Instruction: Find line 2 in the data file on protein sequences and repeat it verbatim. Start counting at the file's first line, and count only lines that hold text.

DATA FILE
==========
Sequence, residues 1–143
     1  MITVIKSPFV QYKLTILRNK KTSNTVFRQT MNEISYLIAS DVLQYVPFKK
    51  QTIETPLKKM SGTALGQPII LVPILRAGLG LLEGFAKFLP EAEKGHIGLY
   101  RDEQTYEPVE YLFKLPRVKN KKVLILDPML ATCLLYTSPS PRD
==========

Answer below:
     1  MITVIKSPFV QYKLTILRNK KTSNTVFRQT MNEISYLIAS DVLQYVPFKK